Based on prior studies by others, we examined 25 possible glioma tumor-associated antigens. The significance of these antigens are 1) these glioma-associated antigens are documented to be expressed or over-expressed in human gliomas, 2) these antigens have induced human immune responses against any type of human cancer, 3) detection of these antigens' mRNA was amendable to our qRT-PCR technology , . Figure 1 displays the TAPP mRNA profiles of the U251 and D54 glioma cells grown for 1 week under either hypoxic or normoxic conditions. We considered elevated levels of mRNA in the hypoxic glioma cells to occur when there was ≥1.9-fold expression over that displayed by the pair-matched normoxic controls. Figure 1A shows the profiles of TAPPs (Aim2, Art-4, EphA2, EZH2, Fosl1, PTH-rP, Sox11, Whsc2 and YKL-40) that were all elevated in the both glioma cell lines. All of these RNA levels were statistically significantly different from their normoxic control values. These values were deemed significant and are based on traditional microarray analysis done by others. Using these criteria, Aim2, Art-4, EphA2, EZH2, Fosl1, PTH-rP, Sox11, Whsc2 and YKL-40 were deemed to be biologically important. Most surprisingly, the U251 cells gave a very high response under hypoxia for YKL-40, while the D54 cellular response bordered only at the 1.9-fold level.
After one week of culture the hypoxic and normoxic grown cells were harvested, lysed and prepared for qRT-PCR analysis using the glioma tumor antigen panel. The cells grown under hypoxic conditions (1% O2) were directly compared to those simultaneously matched cells grown under normoxic conditions for 1 week. Samples were analyzed 3–6 times depending upon the closeness of the results. Data is represented as fold changes ± standard error of the means. Panel A shows TAPP genes that were up-regulated in both cell lines; the horizontal line represents the cut-off value (1.9-fold increase) that we believe represents a biologically significant value. Panel B shows the genes down-regulated in both glioma cells. The horizontal line in this panel represents a ≥−1.9- fold reduction value which we believe represents a threshold of biological significance. The data for the other TAPPs, which did not show any significant change, and is not presented for the sake of brevity. The single asterisk signifies P<0.05, while double asterisk shows P<0.01 value between the data generated from the normoxic and hypoxic cells.
We used three other glioma cell lines, LNZ308, U87 and T98G, to show the universal nature of this increased qRT-PCR based response induced by hypoxia. The responses of the three most inducible antigens, EZH2, Whsc2 and YKL-40, were reproduced in these different glioma cell lines under hypoxia (Table 1).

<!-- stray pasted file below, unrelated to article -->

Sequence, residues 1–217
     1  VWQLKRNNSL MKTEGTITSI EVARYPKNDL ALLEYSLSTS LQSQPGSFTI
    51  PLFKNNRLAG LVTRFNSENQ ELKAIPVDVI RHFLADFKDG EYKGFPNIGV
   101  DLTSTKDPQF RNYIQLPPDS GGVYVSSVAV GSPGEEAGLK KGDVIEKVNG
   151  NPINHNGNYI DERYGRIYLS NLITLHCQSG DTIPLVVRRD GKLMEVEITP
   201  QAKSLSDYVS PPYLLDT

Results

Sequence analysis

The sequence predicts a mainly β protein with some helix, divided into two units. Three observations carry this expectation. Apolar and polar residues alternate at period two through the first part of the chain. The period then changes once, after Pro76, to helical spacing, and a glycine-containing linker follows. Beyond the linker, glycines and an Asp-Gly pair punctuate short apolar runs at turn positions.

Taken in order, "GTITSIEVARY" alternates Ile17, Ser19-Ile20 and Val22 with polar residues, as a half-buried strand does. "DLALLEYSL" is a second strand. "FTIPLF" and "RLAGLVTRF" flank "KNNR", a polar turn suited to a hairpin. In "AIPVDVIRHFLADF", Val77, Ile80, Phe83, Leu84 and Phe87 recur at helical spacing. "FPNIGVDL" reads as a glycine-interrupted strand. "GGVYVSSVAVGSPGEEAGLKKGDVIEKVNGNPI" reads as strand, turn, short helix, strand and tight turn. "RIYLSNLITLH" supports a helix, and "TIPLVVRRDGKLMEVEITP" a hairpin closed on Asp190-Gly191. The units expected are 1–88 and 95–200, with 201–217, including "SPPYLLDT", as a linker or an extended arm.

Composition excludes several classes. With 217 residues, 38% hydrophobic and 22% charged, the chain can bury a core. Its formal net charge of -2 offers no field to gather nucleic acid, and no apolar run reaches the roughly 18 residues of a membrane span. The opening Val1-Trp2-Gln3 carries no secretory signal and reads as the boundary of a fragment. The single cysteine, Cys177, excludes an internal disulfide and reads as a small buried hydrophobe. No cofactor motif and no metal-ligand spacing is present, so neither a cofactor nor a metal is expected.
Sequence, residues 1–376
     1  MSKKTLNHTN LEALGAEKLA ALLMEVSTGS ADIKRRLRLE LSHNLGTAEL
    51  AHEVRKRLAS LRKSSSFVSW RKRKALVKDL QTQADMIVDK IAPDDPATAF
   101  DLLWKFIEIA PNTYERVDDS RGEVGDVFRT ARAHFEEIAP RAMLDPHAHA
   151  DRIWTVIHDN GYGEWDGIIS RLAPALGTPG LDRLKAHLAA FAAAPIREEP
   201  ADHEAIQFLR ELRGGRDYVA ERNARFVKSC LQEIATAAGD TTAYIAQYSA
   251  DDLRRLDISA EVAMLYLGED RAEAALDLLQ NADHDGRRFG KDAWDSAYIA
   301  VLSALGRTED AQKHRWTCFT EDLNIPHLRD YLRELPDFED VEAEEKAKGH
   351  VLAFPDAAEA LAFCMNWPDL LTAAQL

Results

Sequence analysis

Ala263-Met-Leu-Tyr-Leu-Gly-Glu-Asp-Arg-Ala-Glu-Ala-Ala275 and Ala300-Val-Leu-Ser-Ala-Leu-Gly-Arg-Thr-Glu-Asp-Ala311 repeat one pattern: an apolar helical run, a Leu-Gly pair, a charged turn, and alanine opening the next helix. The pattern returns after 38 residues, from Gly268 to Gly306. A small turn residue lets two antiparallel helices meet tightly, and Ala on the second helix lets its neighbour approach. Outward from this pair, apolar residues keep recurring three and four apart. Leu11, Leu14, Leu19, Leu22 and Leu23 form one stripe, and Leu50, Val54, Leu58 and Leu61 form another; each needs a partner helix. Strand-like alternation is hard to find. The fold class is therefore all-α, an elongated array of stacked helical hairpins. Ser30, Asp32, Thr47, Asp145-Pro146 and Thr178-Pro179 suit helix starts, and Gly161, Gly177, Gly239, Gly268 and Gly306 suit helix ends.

Figure 1B shows the genes that were down-regulated by hypoxia in both cell lines. The TAPPs include Her2, HNRPL, IL-13Rα2, MageA1/3/4/6, MRP3 and Trp1 were all somewhat down-regulated under hypoxic conditions. As we did for the over-expression, we also set cut-off values which could be considered biologically significant (≥−1.9 fold). MageA1/3/4/6 was slightly reduced by the hypoxic conditions (−1.11 fold reduction), but we believe this fails to be a medically significant reduction. Using this constraint, only MRP3 and Trp-1 were deemed biologically down-regulated and had (≥−2.3 fold reductions).
Levels of EZH2, Whsc2 and YKL-40 protein are increased in hypoxic cells
We verified that the three most highly hypoxic-induced TAPP mRNA produced more protein expression of EZH2, Whsc2 and YKL-40 by doing either intracellular flow cytometry or immunofluorescent staining of hypoxic cells grown on coverslips. These three TAPPs were further investigated, since 1) commercial antibodies towards these antigens were available, 2) these tumor antigenic precursor protein mRNAs were highly expressed under hypoxic conditions, 3) these tumor antigens are still considered relatively new to glioma immunology. Figure 2A shows this increased protein expression of EZH2, Whsc2 and YKL-40 in the hypoxic U251 and D54 cells that was above the levels expressed by their corresponding normoxic cells. Using the Kolmogorov-Smirnov statistics test, the hypoxic response expression was significantly elevated (P<0.01) above that displayed by the normoxic control cells in both experiments. These experiments showing increased TAPP expression following hypoxia treatment were performed at least twice to show the reproducibility of this response.